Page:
osteochondrosis os·te·o·chon·dro·sis (ŏs'tē-ō-kŏn-drō'sĭs)
Any of a group of disorders involving one or more centers of ossification of the bones in children and characterized by degeneration or aseptic necrosis followed by reossification.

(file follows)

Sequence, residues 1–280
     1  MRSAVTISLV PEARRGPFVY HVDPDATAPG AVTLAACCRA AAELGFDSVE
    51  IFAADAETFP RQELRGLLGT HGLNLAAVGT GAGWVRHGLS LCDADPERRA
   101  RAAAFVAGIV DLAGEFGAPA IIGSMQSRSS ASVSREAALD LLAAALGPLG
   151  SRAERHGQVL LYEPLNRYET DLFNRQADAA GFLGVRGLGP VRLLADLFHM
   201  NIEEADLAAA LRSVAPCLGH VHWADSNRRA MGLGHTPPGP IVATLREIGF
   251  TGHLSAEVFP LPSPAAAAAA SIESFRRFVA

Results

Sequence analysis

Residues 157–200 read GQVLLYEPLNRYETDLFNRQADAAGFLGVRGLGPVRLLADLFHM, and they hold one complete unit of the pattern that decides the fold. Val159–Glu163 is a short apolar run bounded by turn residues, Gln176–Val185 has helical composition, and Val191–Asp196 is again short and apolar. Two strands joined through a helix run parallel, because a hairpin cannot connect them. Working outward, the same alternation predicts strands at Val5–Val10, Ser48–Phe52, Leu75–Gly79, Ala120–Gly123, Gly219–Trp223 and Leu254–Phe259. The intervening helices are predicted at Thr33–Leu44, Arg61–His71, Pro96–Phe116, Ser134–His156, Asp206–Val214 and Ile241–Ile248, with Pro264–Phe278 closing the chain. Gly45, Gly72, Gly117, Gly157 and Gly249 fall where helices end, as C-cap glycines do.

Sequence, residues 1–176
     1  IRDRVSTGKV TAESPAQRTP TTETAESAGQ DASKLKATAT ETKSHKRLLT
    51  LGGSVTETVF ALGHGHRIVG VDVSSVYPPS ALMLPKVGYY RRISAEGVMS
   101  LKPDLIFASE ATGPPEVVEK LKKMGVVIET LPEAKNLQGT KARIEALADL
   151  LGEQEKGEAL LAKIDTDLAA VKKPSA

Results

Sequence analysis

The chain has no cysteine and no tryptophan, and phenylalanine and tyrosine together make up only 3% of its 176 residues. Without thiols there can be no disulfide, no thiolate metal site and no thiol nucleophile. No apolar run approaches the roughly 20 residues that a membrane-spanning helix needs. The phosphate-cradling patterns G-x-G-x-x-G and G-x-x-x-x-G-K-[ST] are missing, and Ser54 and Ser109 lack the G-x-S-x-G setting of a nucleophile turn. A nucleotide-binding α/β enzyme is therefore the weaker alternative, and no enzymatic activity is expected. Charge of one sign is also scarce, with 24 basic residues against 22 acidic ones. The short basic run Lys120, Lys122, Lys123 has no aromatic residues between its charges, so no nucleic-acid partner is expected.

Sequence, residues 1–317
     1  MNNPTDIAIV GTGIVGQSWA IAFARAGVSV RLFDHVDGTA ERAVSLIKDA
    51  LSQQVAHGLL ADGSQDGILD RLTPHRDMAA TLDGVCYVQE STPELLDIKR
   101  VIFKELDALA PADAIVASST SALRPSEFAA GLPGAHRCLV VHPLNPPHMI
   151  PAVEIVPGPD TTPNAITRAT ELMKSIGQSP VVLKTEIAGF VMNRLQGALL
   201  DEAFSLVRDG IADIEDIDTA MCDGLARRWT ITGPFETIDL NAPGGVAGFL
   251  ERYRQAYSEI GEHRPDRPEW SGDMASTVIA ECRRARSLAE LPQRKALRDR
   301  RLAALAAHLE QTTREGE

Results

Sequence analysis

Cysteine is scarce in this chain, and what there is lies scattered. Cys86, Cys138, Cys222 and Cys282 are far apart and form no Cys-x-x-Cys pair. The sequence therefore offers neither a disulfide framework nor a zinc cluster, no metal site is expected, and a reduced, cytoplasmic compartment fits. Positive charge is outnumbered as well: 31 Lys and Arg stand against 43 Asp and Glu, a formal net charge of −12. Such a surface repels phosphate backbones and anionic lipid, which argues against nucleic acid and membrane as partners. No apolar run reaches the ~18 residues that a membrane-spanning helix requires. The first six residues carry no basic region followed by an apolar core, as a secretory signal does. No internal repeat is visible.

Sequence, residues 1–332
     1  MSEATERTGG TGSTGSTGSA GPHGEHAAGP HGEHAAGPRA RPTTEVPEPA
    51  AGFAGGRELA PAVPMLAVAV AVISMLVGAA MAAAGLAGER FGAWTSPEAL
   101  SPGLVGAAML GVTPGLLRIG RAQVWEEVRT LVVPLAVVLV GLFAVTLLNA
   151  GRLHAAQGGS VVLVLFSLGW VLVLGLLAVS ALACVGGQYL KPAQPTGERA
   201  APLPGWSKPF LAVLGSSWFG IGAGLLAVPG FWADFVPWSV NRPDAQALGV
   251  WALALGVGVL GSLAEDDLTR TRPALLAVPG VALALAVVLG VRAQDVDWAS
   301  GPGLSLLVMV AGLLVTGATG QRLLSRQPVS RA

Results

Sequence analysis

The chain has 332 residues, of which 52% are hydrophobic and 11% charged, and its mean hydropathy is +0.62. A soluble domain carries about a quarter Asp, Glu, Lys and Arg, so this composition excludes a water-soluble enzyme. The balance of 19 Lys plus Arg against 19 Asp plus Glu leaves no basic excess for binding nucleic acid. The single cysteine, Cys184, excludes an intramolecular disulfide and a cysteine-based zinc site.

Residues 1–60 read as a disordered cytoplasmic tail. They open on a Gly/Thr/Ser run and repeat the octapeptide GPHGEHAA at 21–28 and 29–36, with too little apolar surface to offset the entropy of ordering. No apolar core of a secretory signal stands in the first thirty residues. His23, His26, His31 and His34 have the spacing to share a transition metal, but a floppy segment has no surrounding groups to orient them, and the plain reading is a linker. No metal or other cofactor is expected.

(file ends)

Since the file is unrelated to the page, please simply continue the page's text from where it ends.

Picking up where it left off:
relatively common temporary orthopedic disorder of children in which the epiphysis (growing end) of a bone dies and then is gradually replaced over a period of years. The immediate cause of bone death is loss of blood supply, but why the latter occurs is unclear. The most common form, coxa plana, or Legg-Calve-Perthes syndrome, affects the hip and most often begins about the age of six. It is four times more frequent in boys than in girls. Crippling may result, and degenerative joint disease is a complication of middle age. Treatment includes rest and immobilization to prevent injury. In severe cases, detached fragments from the joint are surgically removed; replacement of the joint may be necessary
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